• Ageing equipment: some analysts project that opex costs increase from £184,000 per MegaWatt per year when the turbine is new, to £426,000 per MW/Year when the turbine is 15 years old.

What can be done to reduce these costs?

The best answer is predictive maintenance. Supervisory Control and Data Acquisition (SCADA) systems allow operators to monitor and act upon failures or poor performance, and more advanced data collection and analysis allows maintenance tasks to be predicted.

Predictive technologies include Condition Monitoring Systems (CMS). These capture and analyse as much as 250 physical data points, including torque and force measurements, acoustic emissions, electrical strain gauges, oil particle counters and main bearing damage. Sensors capture the data, then AI or machine learning is used to improve the accuracy of the predictions and reduce false alarms as the system is embedded, and the installation base grows.

The benefits for utilising CMS are clear to see, with one monitoring system provider claiming that 90% of developing faults are detected 5 months before failure, driving 175% annual ROI from greater uptime, and reducing emergency maintenance trips by up to 50%.

Predictive maintenance drives 175% annual ROI for offshore wind farms

Further, improving quality control reduces the risk of accidents, which could then reduce insurance premiums.

A key part of this process is the transmission of the sensor data to the cloud, and from there to the client’s IT system, where the data is collected, stored and analysed.

Sensor data is often transmitted through underwater cables, which offers many benefits: it’s fast, secure, and can carry a large amount of data cost-effectively. However wired communication does have drawbacks that can be resolved by co-locating a wireless solution.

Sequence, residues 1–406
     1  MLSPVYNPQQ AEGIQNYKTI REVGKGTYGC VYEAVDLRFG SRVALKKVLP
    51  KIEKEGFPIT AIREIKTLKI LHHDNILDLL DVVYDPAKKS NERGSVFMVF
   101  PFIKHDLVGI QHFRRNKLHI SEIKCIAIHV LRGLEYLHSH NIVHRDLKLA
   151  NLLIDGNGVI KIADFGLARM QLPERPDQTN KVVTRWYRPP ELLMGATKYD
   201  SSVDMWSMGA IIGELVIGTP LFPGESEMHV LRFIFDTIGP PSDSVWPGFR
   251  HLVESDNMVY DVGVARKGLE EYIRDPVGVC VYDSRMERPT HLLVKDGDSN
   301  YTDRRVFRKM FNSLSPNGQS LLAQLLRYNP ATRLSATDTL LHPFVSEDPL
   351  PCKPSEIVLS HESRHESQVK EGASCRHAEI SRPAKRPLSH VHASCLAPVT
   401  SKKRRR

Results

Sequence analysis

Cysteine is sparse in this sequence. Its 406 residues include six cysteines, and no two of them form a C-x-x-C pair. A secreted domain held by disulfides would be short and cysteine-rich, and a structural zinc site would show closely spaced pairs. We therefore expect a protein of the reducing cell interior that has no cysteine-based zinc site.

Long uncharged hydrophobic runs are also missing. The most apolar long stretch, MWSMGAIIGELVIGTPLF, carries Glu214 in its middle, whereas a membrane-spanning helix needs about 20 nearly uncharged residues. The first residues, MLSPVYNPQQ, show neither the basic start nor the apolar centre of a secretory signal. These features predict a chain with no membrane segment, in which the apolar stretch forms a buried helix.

Wired vs. wireless or wired plus wireless?

If you already have a wired connection to your wind farm, it’s worth considering a wireless system to complement it, because the ease of adding new sensors to a wireless network is far greater than trying to wire in additional points into a legacy system. You simply need to place your sensors where they need to be to capture the required data, and switch them on. With no need to run cabling, you’re saving time and money, and benefitting from the additional sensor data faster.

Further, because you’re creating a dedicated wireless network for your SCADA data, its findings can be transmitted independently of other data sources. This provides both resilience in the event that your wired connection is disrupted, and allows you, if you choose, to put bespoke security measures around your OT data stream.

In addition to which, you can speed up the rate of data transmission from the industry standard of every 10 minutes, to virtually real time. In turn, this ensures that your maintenance teams get close to real-time information to help inform decisions on what issue to address, when. In fact, Turbit estimates that you can increase output by up to 5% by applying corrective measures faster.

If you were building a new offshore wind farm and decided to use only wireless connectivity to connect your assets, it can cost as little as 10% of the wired alternative, as well as being faster to implement. That said, while the cost of installation is far less, satellite and cellular connections generally come with a monthly usage fee, and they’re only suitable for relatively small amounts of data. For this reason, in our experience, most operators are exploring hybrid wired and wireless setups.